Each year, one in five adults — an estimated 53 million people — experience harm because of another person’s drinking, according to a new analysis of U.S. national survey data.
These harms, affecting around 21% of women and 23% of men, may include threats or harassment, ruined property or vandalism, physical aggression, harms related to driving, or financial or family problems. The most common harm was threats or harassment, reported by 16% of survey respondents.
Writing in the Journal of Studies on Alcohol and Drugs, the study authors call alcohol’s harm to other people a “significant public health issue.” And they assert that, similar to how policymakers have addressed the effects of secondhand smoke in recent years, society also needs to combat the secondhand effects of alcohol.
“[T]he freedom to drink alcohol must be counterbalanced by the freedom from being afflicted by others’ drinking in ways manifested by homicide, alcohol-related sexual assault, car crashes, domestic abuse, lost household wages, and child neglect,” writes Timothy Naimi, M.D., M.P.H., of the Boston Medical Center in an accompanying commentary.
For the study, researchers from the Alcohol Research Group, a program of the Public Health Institute in Oakland, California, analyzed data of 8,750 respondents, ages 18 and older, from two telephone surveys conducted in 2015: the National Alcohol’s Harm to Others Survey and the National Alcohol Survey.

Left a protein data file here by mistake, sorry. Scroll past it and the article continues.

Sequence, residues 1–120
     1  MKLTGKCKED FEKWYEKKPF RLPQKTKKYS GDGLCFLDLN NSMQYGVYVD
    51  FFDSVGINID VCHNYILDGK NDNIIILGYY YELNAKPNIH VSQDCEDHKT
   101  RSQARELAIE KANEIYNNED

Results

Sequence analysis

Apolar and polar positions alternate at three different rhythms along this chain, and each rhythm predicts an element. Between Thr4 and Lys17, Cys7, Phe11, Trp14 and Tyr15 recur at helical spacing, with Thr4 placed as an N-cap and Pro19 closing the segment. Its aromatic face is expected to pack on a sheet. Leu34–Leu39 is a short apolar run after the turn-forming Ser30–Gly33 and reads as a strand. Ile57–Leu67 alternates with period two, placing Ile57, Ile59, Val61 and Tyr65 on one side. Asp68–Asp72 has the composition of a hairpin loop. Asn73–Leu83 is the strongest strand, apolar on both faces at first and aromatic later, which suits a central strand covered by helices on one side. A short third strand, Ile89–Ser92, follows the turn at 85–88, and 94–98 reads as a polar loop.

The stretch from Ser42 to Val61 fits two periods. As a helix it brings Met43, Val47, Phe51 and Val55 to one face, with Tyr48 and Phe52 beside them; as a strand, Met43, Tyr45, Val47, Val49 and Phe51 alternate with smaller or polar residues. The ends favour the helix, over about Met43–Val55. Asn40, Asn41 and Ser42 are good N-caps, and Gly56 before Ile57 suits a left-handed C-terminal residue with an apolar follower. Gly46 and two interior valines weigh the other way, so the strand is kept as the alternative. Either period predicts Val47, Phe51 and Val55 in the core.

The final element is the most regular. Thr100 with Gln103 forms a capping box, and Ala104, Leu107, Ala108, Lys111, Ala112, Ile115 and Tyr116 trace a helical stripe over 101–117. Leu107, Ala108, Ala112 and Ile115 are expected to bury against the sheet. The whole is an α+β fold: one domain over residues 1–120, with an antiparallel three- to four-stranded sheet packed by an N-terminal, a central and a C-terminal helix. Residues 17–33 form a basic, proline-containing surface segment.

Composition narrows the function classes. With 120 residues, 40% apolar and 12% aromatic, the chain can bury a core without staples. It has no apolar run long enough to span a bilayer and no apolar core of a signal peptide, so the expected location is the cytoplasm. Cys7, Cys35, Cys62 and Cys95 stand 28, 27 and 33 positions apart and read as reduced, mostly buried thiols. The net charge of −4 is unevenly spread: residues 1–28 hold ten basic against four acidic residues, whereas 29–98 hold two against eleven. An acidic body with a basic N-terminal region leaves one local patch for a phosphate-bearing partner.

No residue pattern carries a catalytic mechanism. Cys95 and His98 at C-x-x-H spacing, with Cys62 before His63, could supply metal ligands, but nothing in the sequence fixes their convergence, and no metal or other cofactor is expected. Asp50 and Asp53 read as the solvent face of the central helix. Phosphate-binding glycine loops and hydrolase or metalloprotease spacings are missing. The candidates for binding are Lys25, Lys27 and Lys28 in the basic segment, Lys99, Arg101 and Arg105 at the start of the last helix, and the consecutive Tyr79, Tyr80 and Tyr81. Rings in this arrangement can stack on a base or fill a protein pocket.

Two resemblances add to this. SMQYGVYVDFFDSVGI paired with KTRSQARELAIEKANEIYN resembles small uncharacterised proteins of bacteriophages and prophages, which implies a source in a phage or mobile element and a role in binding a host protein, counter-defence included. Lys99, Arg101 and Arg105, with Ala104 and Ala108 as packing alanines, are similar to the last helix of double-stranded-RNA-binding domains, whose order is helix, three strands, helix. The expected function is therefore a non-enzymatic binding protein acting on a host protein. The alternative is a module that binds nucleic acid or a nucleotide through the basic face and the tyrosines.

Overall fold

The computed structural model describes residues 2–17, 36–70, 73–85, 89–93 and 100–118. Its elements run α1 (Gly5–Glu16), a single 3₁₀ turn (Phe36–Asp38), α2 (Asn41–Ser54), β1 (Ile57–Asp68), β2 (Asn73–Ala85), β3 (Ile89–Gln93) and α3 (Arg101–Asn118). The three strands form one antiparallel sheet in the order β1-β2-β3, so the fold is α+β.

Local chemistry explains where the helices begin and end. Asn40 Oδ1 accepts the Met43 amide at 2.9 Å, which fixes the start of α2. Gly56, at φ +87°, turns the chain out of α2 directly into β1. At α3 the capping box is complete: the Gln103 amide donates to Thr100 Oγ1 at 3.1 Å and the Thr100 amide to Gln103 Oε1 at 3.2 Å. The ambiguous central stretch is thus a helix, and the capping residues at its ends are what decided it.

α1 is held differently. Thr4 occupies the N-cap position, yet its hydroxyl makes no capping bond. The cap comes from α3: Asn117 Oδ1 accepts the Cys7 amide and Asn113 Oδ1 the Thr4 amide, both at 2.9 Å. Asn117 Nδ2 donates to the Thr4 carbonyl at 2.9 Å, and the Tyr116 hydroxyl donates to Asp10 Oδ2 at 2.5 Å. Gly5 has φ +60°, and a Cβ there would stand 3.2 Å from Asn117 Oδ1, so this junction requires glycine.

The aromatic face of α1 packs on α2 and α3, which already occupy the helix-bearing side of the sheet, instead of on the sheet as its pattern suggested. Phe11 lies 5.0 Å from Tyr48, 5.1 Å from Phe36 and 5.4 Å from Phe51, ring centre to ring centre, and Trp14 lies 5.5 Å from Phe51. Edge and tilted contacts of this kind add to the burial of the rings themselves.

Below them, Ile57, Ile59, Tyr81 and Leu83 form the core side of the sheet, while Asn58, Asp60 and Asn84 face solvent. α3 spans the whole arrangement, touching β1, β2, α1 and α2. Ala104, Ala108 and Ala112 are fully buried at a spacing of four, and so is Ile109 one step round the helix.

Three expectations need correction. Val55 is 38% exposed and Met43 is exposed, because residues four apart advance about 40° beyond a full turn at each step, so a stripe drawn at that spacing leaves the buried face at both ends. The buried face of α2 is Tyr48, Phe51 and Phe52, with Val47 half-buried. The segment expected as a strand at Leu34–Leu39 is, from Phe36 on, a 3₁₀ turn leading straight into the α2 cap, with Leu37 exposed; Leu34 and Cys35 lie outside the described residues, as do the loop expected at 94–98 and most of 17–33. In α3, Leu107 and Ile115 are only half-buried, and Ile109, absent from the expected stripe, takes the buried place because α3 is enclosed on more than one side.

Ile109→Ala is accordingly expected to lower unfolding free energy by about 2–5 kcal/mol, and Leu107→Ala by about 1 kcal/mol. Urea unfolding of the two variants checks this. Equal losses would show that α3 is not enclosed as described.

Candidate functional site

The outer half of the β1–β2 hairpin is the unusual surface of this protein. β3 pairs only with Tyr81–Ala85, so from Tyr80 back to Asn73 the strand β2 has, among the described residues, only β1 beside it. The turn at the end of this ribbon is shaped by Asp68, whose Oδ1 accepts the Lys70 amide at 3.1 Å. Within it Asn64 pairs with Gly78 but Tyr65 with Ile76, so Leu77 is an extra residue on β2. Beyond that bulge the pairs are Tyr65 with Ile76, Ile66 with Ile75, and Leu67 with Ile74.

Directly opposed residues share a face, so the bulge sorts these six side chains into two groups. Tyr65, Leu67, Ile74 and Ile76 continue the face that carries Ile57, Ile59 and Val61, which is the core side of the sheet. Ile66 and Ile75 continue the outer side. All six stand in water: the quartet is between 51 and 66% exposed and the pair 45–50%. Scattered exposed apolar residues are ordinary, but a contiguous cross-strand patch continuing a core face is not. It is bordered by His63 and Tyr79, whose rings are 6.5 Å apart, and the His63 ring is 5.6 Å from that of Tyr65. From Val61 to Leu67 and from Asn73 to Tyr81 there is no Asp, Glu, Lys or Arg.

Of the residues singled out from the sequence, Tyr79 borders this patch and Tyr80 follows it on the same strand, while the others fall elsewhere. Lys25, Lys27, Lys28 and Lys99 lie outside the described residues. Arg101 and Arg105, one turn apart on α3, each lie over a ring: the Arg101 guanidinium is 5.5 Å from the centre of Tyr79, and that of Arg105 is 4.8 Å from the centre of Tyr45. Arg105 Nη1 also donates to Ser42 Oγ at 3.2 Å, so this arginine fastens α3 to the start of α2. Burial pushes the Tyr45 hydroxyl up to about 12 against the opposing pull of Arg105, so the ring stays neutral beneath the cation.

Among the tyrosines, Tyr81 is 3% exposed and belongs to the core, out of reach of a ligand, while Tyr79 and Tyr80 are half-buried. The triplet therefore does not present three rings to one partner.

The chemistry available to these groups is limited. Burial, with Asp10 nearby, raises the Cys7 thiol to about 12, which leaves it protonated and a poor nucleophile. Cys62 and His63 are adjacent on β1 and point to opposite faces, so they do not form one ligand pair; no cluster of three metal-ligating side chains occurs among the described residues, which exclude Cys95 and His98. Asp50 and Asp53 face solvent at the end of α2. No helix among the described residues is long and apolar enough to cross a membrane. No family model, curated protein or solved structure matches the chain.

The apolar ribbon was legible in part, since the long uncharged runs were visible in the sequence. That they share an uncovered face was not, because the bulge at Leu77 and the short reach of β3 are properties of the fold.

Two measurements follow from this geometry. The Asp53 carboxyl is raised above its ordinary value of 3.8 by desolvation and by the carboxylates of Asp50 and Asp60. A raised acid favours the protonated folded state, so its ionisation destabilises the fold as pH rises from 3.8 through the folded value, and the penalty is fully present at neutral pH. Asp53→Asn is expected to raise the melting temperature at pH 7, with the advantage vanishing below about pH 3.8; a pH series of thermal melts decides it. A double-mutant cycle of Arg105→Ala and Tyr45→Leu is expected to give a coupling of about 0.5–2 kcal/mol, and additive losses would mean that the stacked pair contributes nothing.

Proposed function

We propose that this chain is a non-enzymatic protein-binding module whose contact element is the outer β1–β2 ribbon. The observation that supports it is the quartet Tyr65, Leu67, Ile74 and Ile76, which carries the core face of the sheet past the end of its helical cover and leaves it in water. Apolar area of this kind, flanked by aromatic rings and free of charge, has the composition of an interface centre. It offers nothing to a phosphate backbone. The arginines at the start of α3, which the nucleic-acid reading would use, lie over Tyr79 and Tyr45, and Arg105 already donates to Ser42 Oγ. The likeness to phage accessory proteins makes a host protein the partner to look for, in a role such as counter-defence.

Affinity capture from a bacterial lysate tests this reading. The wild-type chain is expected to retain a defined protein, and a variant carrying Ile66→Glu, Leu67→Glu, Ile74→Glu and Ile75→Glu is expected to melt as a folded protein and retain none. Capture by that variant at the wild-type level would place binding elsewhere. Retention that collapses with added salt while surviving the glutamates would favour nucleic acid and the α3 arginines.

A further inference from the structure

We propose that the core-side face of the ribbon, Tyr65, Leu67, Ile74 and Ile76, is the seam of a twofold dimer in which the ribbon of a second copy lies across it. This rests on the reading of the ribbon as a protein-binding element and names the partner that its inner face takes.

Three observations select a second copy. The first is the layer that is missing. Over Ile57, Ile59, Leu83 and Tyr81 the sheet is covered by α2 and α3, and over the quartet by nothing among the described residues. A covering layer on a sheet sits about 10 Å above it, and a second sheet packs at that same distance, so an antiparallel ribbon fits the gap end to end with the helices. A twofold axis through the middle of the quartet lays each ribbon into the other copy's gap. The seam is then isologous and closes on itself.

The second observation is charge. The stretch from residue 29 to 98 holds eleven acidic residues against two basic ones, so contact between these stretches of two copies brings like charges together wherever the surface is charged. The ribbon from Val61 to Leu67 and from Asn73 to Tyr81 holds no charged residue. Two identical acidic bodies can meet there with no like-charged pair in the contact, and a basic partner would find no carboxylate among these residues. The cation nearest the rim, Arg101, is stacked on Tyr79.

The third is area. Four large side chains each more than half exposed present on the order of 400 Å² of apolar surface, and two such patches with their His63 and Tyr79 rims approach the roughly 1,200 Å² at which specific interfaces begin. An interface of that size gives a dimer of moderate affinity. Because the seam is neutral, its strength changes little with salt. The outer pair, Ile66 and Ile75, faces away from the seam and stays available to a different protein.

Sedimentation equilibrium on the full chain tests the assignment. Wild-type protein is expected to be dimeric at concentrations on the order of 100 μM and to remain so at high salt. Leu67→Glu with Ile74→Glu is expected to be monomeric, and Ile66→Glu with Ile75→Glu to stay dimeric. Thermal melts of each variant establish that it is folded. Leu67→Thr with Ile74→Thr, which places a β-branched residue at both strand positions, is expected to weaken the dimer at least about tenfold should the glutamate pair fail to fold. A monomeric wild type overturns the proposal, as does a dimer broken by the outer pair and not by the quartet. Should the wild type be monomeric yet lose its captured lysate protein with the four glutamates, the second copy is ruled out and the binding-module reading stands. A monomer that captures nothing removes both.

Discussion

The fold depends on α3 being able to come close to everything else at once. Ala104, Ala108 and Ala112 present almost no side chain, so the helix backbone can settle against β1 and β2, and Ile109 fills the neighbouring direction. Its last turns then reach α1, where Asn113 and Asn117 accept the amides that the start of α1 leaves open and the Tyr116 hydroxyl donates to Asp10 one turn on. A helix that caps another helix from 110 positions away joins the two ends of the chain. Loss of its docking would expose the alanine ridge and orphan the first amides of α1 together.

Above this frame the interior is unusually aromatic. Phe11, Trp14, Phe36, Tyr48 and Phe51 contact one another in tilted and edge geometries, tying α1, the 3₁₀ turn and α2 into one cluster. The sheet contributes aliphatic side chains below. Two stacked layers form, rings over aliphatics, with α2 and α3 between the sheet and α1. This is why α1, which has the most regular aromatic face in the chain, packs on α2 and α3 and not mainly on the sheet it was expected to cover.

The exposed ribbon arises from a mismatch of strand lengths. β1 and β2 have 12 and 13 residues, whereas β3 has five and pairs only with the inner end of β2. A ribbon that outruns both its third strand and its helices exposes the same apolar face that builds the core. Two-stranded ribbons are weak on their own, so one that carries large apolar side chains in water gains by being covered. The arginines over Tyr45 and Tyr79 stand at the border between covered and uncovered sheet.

The findings show gender differences: Women were more likely to report financial and family problems, whereas ruined property, vandalism, and physical aggression were more likely to be reported by men. According to the authors, there is “considerable risk for women from heavy, often male, drinkers in the household and, for men, from drinkers outside their family.”
Additional factors, including age and the person’s own drinking habits, also made a difference. For example, individuals younger than age 25 had a higher risk of experiencing harm from someone else’s drinking.
Further, almost half of men and women who themselves were heavy drinkers said they had been harmed by someone else’s drinking. Even light or moderate drinkers faced two to three times the risk of harassment, threats, and driving-related harms compared with abstainers. Heavy drinking was defined as drinking five or more drinks at a time for men or four or more drinks for women at least monthly.
The findings provide support for alcohol control policies, such as taxation and pricing to reduce alcohol’s harm to persons other than the drinker.
“Control policies, such as alcohol pricing, taxation, reduced availability, and restricting advertising, may be the most effective ways to reduce not only alcohol consumption but also alcohol’s harm to persons other than the drinker,” said study leader Madhabika B. Nayak, Ph.D.